Cerebral palsy pp exercise prescription

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Exercise Science based Presentation on cerebral palsy

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Cerebral palsy pp exercise prescription

  1. 1. Cerebral Palsy By: Kaylyn Chapman
  2. 2. What is Cerebral Palsy? • “Cerebral palsy is a group of disorders that can involve brain and nervous system functions such as movement, learning, hearing, seeing, and thinking. Mostly Motor skills” (Blanchard). • There are several different types of cerebral palsy. So many individuals differ with the disorder. Spastic Cerebral Palsy, Athetoid Cerebral Palsy, Ataxic Cerebral Palsy, Mixed Cerebral Palsy
  3. 3. Special Population/Disease • Children and Adults with cerebral palsy (CP) have challenges with movement, function and mobility that last a lifetime. • This disability is not progressive, physical challenges faced by this population stabilize once they reach adulthood. (Blanchard)
  4. 4. Max Testing • Max testing for Cerebral Palsy is difficult to establish a specific guideline for a max test since each individual may suffer from a different type of CP. There should be a max test because exercise is very important, but it should be modified. • Spastic Cerebral Palsy (stiff and difficult movement) • Athetoid Cerebral Palsy (Involuntary and uncontrolled movement) • Ataxic Cerebral Palsy (disturbed sense of balance and depth perception) • Mixed Cerebral Palsy There may be a combination of these types of cerebral palsy for any one person.
  5. 5. Concerns • Children and adults with CP also suffer from poor physical fitness with consequently high energy costs and fatigue during daily activity. • Unfortunately, rehabilitation and therapy services for persons with CP often end or decrease dramatically at adulthood, and rarely include fitness related goals. • “The professional trainer should be aware of medications the client is currently using, and should document the presence of seizures or associated disorders involving the visual, auditory, sensory, hearing, speech or cognitive systems” (Blanchard).
  6. 6. • “Fitness for persons with CP should be viewed from the perspective of the way fitness enhances health, function and mobility” (Blanchard). -cardiorespiratory endurance - muscular endurance -muscular strength - balance/agility -body composition - flexibility
  7. 7. • Exercises and physical activity should be started gradually, with close professional supervision. • Special safety considerations include altering exercises for the specific individual’s needs. • “The Universal Exercise Unit (UEU) is used to assist children in functional activities along with strengthening exercises within long intensive therapy sessions” (Euro-Peds).  • Health-related physical fitness for persons with CP should be developed in the same model as fitness for all of us: start early, be easily available and continue throughout the life span. Concerns cont.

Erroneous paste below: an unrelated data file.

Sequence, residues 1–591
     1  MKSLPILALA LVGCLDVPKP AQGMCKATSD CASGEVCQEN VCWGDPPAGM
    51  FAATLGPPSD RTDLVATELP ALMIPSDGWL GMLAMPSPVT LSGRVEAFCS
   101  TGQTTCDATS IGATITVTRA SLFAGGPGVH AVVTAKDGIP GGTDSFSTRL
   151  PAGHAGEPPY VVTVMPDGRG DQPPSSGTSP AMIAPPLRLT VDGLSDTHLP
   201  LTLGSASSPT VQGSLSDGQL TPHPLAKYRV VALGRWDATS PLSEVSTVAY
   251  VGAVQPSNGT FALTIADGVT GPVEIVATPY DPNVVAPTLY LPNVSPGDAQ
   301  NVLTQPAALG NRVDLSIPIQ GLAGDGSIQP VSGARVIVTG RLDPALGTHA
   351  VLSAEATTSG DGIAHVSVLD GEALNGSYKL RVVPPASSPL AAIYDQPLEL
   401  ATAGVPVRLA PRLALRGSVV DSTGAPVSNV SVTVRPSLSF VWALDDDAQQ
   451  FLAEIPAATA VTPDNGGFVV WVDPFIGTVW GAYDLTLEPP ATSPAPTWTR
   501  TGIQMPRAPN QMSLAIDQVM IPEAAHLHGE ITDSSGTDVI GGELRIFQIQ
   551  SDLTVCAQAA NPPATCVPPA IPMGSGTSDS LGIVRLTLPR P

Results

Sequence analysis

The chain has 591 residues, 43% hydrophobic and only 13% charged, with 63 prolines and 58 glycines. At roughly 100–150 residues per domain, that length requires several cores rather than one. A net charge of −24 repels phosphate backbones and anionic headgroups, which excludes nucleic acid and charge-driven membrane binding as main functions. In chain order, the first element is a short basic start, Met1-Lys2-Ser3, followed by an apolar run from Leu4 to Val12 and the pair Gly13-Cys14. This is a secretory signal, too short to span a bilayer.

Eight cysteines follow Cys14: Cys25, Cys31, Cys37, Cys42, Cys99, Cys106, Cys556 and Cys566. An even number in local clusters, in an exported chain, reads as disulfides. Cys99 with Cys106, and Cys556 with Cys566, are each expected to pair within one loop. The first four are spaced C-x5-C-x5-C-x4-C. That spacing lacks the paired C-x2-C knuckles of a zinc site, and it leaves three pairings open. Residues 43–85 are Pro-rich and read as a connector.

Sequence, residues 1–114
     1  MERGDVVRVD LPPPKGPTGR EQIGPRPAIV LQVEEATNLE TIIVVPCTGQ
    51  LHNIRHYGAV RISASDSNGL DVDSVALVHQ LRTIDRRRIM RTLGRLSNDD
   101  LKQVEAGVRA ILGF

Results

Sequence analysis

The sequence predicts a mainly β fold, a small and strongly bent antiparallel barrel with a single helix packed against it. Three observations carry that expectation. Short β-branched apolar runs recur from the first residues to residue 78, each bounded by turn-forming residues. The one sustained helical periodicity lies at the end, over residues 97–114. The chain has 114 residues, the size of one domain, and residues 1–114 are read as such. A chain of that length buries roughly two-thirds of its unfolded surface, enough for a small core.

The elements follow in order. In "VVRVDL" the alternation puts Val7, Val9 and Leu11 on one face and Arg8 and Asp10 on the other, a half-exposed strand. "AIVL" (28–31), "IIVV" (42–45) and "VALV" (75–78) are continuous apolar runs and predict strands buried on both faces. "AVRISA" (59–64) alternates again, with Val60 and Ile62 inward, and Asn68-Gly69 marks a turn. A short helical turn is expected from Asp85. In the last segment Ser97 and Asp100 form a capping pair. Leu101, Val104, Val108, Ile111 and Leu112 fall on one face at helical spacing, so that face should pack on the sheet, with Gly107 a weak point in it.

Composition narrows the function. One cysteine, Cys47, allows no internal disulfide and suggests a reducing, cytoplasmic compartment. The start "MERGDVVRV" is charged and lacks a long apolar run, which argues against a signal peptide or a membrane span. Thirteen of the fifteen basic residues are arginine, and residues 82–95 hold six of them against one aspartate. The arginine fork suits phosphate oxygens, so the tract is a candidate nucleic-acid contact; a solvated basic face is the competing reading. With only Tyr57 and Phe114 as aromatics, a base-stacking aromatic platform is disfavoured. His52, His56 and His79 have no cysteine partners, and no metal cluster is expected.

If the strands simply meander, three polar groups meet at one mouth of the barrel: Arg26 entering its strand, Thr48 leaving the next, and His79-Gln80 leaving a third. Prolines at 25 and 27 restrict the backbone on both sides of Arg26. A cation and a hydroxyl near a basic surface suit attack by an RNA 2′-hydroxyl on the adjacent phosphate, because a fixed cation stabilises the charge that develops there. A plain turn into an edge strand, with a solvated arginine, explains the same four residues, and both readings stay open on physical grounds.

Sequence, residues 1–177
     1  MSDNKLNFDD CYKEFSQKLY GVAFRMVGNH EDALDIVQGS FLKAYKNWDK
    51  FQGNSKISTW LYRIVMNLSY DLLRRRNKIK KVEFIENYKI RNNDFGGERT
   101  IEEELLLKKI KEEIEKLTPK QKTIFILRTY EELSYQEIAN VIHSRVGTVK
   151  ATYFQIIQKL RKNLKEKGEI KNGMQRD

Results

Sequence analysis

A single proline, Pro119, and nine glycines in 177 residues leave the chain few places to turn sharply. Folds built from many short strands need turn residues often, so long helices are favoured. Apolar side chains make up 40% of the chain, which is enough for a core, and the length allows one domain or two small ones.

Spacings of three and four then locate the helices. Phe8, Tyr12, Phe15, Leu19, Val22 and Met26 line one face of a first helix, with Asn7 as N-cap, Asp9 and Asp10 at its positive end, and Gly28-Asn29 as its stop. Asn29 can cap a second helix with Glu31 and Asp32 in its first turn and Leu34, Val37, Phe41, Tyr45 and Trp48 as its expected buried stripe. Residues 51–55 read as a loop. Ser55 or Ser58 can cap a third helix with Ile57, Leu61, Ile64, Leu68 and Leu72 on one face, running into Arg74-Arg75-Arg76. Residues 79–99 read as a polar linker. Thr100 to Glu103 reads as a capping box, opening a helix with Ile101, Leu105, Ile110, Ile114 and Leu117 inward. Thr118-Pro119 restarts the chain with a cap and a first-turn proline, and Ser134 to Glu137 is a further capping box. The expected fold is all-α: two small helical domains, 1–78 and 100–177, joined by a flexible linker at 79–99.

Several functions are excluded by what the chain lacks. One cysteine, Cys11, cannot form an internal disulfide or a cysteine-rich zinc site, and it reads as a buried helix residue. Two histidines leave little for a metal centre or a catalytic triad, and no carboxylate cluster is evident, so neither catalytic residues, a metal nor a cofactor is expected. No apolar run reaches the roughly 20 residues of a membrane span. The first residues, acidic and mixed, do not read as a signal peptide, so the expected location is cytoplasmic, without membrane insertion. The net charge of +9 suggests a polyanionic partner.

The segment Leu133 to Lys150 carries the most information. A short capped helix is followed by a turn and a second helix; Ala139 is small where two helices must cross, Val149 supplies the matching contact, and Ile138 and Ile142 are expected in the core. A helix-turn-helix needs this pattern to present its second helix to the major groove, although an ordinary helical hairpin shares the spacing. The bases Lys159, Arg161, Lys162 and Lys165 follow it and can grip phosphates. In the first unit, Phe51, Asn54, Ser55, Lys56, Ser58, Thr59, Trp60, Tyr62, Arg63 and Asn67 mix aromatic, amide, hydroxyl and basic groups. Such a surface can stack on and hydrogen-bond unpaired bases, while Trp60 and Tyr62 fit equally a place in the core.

8. 8. FITT model F.I.T.T. Cardiovascular Training Muscle Training Frequency 3-5 days/ week; Alternate exercise types. Rest each joint area and muscle group 48-72 hours between workouts. Very intensive workouts may require extended rest intervals Intensity 60-90% maximum heart rate (max = 220 - age) or 50-65% functional capacity 65-85% of 1 Repetition Maximum (1RM) Beginners should remain near lower end for safety Time 15-60 Minutes work up to this slowly for safety 1-3 Sets of 6-14 Repetitions per exercise. Type of exercise Walking; Cycling; Aerobics; Stair climbing; Swimming; Running. All resistance exercise: Pneumatic, Computerized, Selectorized, Plate loaded; Free weights,
  9. 9. FITT model for CP F.I.T.T. Cardiovascular Training Muscle Training Frequency 3-5 days a week 2 sessions per week Intensity 40-85% Depends Time 20-40 min 1-3 sets of 8-12 Type Stationary bike, arm ergometer, walks or wheel chair pushes Free weights or weight machines
  10. 10. FITT model for CP • “Guidelines for exercise training for persons with chronic diseases and disabilities such as CP have been suggested: • 1. For the person with CP, aerobic capacity and endurance can be enhanced through exercise done at 40-85 percent peak VO2 or HR reserve for 20-40 minutes per session, three to five days a week. • 2. If the person is ambulatory, a stationary bicycle may be used, while an arm ergometer is recommended if the person is in a wheelchair. • 3. Endurance training is best done through six-to-fifteen minute walks or wheelchair pushes, twice weekly or more often if possible. • 4. Strength can be enhanced through the use of free weights or weight machines doing one, two or three sets of 8-12 repetitions, two sessions per week. • 5. Flexibility exercises should be done for all involved and uninvolved joints before and after all types of exercise” (ACSM).
  11. 11. Jared Horomona • This 30-year-old from New Zealand loves a challenge. • Having cerebral palsy, his lack of coordination and strength in his hands adds to the difficulty of working with weights and other active sports. • He has completed the New York City Marathon twice, on his crutches. • Jared also dropped body fat while gaining muscle - (“Body For Life”). http://bodyforlife.com/success-stories/jared-horomhttp://bodyforlife.com/success-stories/jared-horom
  12. 12. Resources: • ACSM • "Success Stories." Body For Life. EAS, 2012. Web. 17 Apr 2012. <http://bodyforlife.com/success-stories/jared-horomona>. • . "Alternative Therapy for Babies with Cerebral Palsy & Other Gross Motor Disorders." Euro-Peds. Euro-Peds, 2010. Web. 17 Apr 2012. <http://www.europeds.org/alternative-therapy-babies.php>. • Blanchard, Y.. Health-related fitness for children and adults with cerebral palsy . N.p., n.d. Web. 17 Apr 2012. <http://www.acsm.org/docs/current-comments/health- relatedfitnessforcawithcp.pdf>.

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